Mr Kaczynski is forever hurling insults in the direction of Berlin. Yet Poland is the biggest recipient of EU aid. Why should German taxpayers write large cheques to Warsaw? Likewise for Hungary, where the government is substituting crony capitalism for the market economy — in significant part at Germany’s expense. Berlin could better deploy its economic clout to projects that confer direct national advantage.

Those with dark memories of war have less to fear. There is nothing militaristic about Germany First politics. The impulse, rather, is isolationist. Most Germans would probably spend less on defence. And why not? The nation is too powerful to be threatened by its neighbours. Berlin can always reach an accommodation with Moscow: Russian energy for German technology makes for a natural fit. Let Poland and others on the EU’s eastern frontier pay for Nato if they feel threatened by Russia.

Germany is some way off reaching such judgments. Ms Merkel is still convinced — and rightly so — that the nation’s long-term interests reside in liberal internationalism. The chancellor will not easily surrender her convictions. But she has been weakened. After 12 years, her time is running out. And Mr Seehofer and his allies are setting a different direction of travel. Those cheering populists elsewhere should be careful what they wish for.


Don’t crash it

Could a trade war derail global growth?

Rising tariffs are the worst of many threats to the world economy



LOOK at the headlines, and you would struggle to believe that the global economy is in good health. President Donald Trump continues to fire off volleys in his inchoate trade war, throwing financial markets into turmoil and drawing retaliation. The Federal Reserve is raising interest rates—an activity that usually ends in a recession in America. Tighter credit and a rising dollar are squeezing emerging markets, some of which, such as Argentina, are under severe stress.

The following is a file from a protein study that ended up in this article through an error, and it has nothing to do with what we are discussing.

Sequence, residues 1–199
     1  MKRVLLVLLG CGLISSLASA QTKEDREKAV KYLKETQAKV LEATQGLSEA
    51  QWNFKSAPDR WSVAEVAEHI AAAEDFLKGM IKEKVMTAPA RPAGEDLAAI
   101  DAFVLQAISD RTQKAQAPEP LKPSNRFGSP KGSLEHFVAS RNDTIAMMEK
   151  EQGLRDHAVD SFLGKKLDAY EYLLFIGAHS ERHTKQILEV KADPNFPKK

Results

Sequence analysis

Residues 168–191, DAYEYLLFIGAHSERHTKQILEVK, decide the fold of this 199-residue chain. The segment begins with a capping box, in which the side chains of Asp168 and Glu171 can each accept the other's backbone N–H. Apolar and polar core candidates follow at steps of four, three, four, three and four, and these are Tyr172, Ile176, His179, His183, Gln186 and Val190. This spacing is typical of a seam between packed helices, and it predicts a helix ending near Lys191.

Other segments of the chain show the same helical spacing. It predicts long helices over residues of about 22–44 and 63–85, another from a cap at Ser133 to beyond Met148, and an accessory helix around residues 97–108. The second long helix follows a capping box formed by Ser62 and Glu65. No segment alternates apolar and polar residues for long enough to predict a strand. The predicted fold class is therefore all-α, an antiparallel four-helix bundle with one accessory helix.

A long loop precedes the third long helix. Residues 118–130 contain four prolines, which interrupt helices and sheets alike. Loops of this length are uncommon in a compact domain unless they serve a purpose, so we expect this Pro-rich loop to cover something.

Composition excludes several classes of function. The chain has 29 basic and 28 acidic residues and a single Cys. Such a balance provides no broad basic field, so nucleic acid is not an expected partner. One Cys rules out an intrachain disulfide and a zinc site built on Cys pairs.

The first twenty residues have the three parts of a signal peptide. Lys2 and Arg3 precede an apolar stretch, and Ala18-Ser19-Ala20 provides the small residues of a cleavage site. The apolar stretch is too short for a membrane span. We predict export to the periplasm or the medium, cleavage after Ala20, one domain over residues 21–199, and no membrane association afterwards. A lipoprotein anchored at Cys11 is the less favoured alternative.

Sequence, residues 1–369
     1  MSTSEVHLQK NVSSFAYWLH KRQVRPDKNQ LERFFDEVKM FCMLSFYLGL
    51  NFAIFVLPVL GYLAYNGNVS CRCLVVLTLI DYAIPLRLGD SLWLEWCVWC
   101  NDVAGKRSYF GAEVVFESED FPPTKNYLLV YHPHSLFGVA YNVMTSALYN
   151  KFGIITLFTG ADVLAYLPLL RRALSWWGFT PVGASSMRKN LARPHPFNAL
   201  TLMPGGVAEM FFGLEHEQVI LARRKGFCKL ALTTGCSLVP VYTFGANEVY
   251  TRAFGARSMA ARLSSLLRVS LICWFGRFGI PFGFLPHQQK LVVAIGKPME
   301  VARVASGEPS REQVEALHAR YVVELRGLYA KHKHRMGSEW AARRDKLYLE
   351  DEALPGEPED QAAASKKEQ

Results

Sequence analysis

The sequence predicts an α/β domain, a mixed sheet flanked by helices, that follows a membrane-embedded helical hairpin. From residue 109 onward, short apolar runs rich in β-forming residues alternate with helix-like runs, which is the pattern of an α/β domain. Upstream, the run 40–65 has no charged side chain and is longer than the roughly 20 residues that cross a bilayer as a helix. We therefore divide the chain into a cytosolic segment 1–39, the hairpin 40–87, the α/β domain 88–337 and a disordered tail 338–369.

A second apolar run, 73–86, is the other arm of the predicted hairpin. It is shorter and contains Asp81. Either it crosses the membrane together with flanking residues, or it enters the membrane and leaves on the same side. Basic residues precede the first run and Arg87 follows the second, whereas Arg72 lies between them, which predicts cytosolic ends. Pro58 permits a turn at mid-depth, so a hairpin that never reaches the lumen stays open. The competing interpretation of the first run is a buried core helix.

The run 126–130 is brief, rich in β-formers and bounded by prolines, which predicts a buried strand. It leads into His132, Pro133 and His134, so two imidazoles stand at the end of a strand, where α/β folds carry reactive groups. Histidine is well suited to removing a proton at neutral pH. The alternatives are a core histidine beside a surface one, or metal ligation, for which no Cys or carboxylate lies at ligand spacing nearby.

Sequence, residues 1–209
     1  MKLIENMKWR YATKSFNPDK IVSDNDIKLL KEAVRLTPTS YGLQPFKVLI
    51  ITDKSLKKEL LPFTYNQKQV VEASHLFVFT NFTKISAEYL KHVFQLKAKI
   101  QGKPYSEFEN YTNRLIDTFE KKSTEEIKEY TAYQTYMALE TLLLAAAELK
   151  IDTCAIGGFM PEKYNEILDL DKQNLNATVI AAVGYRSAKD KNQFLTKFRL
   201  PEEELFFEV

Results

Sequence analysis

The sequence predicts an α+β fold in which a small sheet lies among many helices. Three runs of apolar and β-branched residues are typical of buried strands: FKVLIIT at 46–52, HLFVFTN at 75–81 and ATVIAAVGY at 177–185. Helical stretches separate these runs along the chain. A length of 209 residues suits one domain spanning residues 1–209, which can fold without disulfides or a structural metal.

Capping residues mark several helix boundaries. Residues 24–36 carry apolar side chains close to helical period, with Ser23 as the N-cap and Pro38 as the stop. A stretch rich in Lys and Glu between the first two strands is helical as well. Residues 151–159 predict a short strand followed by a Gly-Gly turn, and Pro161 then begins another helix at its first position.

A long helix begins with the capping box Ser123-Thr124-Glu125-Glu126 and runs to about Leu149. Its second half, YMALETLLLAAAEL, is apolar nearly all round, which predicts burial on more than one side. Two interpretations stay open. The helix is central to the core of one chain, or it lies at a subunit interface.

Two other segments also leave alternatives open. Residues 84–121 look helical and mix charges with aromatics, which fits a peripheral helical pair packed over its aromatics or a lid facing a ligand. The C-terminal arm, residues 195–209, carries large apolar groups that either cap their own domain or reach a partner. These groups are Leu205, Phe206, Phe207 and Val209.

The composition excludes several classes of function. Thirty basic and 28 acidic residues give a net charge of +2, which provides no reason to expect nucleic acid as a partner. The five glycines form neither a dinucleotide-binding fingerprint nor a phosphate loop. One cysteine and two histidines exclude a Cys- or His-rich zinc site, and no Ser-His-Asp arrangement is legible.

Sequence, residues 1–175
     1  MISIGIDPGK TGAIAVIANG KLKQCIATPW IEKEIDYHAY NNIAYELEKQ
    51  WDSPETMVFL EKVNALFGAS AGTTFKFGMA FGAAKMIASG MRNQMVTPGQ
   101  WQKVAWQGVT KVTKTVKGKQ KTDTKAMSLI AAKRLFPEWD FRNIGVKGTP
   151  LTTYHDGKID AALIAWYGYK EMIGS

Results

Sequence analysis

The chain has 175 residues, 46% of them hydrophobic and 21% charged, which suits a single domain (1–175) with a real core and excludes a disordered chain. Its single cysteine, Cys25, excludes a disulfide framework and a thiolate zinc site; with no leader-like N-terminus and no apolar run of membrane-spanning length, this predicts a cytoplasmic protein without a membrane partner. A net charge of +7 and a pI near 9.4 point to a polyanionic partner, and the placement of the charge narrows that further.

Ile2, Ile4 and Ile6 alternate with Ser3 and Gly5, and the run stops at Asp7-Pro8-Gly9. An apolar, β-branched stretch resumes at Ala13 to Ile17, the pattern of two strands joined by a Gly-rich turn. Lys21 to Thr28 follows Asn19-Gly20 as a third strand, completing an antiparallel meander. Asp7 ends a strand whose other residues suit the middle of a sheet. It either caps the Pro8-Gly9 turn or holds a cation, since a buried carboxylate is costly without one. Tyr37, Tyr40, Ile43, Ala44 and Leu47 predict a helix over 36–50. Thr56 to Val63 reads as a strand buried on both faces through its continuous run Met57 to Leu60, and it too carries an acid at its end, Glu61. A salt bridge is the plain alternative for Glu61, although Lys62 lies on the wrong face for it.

Yet the world economy is thriving. Growth has slowed slightly since 2017, but still seems to be beating the languid pace set in the five years before that. America may even be speeding up, thanks to Mr Trump’s tax cuts and spending binge. A higher oil price, which in past economic cycles might have been a drag, is today spurring investment in the production of American shale. Some forecasts have growth exceeding 4% in the second quarter of 2018.

This sugar rush, however, brings dangers. The first is that it provides temporary political cover for Mr Trump’s recklessness. The second is that, if America accelerates and the rest of the world slows, widening differentials in interest rates would push up the dollar still more. That would worsen problems in emerging markets and further provoke Mr Trump by making it harder for him to achieve his goal of balanced trade.

The trade war is the biggest threat to global growth (see article). On June 15th the White House confirmed that a 25% tariff on up to $50bn of Chinese imports would soon go into effect. Three days later, after China promised to retaliate, the president expanded, by as much as $400bn, the other goods America is threatening to tax. If he follows through, nine-tenths of roughly $500bn-worth of goods imported from China each year will face American levies. Meanwhile, the European Union is poised to impose retaliatory tariffs in response to America’s action against EU steel and aluminium. No wonder markets have caught the jitters.

I’ll see you and erase you

The president is unafraid of escalating trade disputes because he believes he has a winning hand.

America buys from China almost four times as much as it sells there, limiting China’s ability to match tariffs. The White House hopes this imbalance will lead China to yield to its demands, some of which (cutting the theft of American firms’ intellectual property) are more reasonable than others (shrinking the bilateral trade deficit).